The Implications of Hall v Florida
John Weston Parry, J.D.
The United States Supreme Court’s ruling in Hall v Florida, No. 12-10882 (U.S. Sup. Ct. May 27, 2014)—which struck down Florida’s (and by reference nine other states’) inflexible standards for determining whether defendants have an intellectual disability that makes them ineligible for the death penalty—should be viewed as critically important, beyond the narrow holding itself. First, the 5-4 majority opinion reprioritizes the relative importance of the two major rationales used to justify the ban on executing persons with intellectual disabilities established in Atkins v. Virginia, 536 U.S. 304 (2002). This shift in emphasis substantially increases the possibility that in the future, defendants with other types of severe mental disorders may be constitutionally protected from being executed. Second, even if “contemporary values” change and a majority of Americans come to believe that executing persons with intellectual disabilities should be permitted, Hall has embraced a persuasive independent constitutional basis for upholding Atkins.
The Supreme Court’s Opinion
Freddie Lee Hall was convicted of murder in 1981, for which he received the death penalty. After the U.S. Supreme Court rendered its historic decision in Atkins, Hall challenged his sentence in state court based on evidence that he had an intellectual disability (which was then called mental retardation) that exempted him from execution. As part of his evidence, Hall submitted an IQ test, which indicated that he had a score of 71. Because Florida’s legal definition of intellectual disability requires a score of 70 or less, no other evidence about his condition was admissible; he was automatically deemed eligible for the death penalty that he had received at sentencing. The Florida Supreme Court upheld Hall’s sentence, determining that the requirement that he have an IQ score of 70 or less in order to be eligible for the execution ban met constitutional standards under Atkins.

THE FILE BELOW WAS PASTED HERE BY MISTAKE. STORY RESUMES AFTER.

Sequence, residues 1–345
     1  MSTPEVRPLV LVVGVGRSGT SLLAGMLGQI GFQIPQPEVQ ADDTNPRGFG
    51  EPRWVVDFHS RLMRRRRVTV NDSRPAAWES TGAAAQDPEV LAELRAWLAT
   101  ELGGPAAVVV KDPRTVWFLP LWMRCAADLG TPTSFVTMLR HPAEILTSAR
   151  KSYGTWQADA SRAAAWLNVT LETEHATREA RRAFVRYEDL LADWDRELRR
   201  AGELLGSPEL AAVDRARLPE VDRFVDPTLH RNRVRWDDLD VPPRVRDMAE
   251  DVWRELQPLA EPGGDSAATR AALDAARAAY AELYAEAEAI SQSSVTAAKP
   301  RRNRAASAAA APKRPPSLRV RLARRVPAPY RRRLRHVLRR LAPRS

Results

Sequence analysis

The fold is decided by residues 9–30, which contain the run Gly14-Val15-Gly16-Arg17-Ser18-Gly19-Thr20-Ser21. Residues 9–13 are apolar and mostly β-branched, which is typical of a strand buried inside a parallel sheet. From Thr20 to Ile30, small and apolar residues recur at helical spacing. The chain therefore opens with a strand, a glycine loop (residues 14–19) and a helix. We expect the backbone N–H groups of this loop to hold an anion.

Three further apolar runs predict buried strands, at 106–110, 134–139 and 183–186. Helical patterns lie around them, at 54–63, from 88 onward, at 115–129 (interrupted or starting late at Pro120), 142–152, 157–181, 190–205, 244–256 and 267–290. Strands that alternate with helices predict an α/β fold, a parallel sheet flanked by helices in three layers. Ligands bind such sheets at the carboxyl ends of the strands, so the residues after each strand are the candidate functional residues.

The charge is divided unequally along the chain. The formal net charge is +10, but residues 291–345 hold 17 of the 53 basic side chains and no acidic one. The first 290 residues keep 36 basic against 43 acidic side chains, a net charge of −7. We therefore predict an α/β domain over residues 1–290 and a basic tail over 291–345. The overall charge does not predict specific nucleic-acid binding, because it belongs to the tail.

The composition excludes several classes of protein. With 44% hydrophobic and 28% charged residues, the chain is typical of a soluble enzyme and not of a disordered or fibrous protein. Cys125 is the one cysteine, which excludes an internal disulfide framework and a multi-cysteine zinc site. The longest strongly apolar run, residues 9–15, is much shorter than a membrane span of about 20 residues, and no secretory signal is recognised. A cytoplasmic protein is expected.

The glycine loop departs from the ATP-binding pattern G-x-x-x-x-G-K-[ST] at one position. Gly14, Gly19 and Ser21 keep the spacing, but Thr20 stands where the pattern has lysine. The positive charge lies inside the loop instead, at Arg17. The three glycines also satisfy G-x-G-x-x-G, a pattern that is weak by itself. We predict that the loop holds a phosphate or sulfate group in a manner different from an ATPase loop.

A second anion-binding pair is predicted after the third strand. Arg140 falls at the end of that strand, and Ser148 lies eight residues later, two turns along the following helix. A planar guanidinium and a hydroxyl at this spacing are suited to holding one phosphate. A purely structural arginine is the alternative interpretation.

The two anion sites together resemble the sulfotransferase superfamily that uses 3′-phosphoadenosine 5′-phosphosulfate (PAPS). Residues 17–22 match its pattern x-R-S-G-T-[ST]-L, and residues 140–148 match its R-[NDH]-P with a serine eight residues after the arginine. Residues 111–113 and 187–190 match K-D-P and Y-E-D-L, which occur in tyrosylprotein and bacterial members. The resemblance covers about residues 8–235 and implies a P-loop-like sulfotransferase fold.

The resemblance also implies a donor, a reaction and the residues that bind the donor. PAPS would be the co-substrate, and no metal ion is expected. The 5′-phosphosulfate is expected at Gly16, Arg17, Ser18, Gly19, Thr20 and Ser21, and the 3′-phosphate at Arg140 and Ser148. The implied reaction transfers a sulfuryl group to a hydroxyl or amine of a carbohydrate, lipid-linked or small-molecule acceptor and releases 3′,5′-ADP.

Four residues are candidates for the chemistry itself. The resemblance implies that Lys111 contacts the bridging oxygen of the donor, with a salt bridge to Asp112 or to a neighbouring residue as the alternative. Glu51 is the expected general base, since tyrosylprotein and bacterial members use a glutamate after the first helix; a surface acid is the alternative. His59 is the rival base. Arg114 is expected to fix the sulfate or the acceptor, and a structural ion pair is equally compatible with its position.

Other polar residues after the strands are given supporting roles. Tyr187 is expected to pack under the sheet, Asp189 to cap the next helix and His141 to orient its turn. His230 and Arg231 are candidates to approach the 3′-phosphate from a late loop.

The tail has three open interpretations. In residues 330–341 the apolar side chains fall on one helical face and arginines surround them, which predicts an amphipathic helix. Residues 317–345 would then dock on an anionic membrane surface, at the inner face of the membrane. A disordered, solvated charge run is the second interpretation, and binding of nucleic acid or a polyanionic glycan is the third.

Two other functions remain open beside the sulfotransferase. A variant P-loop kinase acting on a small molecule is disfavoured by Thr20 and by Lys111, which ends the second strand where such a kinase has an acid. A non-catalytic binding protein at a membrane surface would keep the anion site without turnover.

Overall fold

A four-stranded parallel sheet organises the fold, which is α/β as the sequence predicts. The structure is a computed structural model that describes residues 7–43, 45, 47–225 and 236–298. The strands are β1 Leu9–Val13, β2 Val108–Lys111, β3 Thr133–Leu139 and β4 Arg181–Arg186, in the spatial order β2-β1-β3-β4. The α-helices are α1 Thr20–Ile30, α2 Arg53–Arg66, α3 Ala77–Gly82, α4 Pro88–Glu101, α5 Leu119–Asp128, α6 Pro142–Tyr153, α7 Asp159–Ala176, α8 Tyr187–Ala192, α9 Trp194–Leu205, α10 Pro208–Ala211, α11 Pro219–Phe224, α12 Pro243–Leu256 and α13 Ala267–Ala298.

In an opinion written by Justice Kennedy, a divided U.S. Supreme Court struck down the Florida law as interpreted. The majority was convinced that the Eighth Amendment’s requirement that government “respect the dignity of all persons” prohibited the execution of persons with intellectual disabilities. No “penological purpose” would be served in executing this particular group of defendants. In addition, due to their impairments, defendants with intellectual disabilities are at an increased risk of being executed wrongfully. Not only is there a greater likelihood that they will make false confessions, but often they are poor witnesses and unable to provide meaningful assistance to their lawyers.
Discussion of the Majority Opinion: What Was Missing?
What was conspicuously absent in the Court’s opinion was the rationale in Atkins that at the time appeared to be the main reason that Court had overturned a prior decision in Penry v. Lynaugh, 492 U.S. 302 (1989), which had upheld the execution of persons with mental retardation. As explained in Mental Disability, Violence, Future Dangerousness: Myths Behind the Presumption of Guilt (Rowman & Littlefield, Oct. 2013) (excerpts in bold italics without references supplied),
The Atkins decision had two major intertwined rationales, which requires treating people with mental retardation differently than any other category of adult capital defendants… The first rationale was the one articulated by Kennedy in the majority opinion in Hall. This should have been sufficient to support the Atkins ruling.
Unfortunately it was not. A second—arguably even more decisive rationale—was needed to justify the Court’s overruling existing precedent. That rationale focused on a new national consensus [that] had evolved. This shift in attitudes made execution of persons with mental retardation morally offensive, which, under the Eighth Amendment… provided the necessary constitutional linchpin for overruling the prior decision…. As… necessary as… [this legal rationale] proved to be, it also reinforced and expanded a legal precedent that someday could have negative repercussions for persons with mental disabilities…[T]his particular rationale…has potential negative implications…for people with mental disabilities, whose lack of popularity has made them especially vulnerable to abuse and injustice by majority acclimation.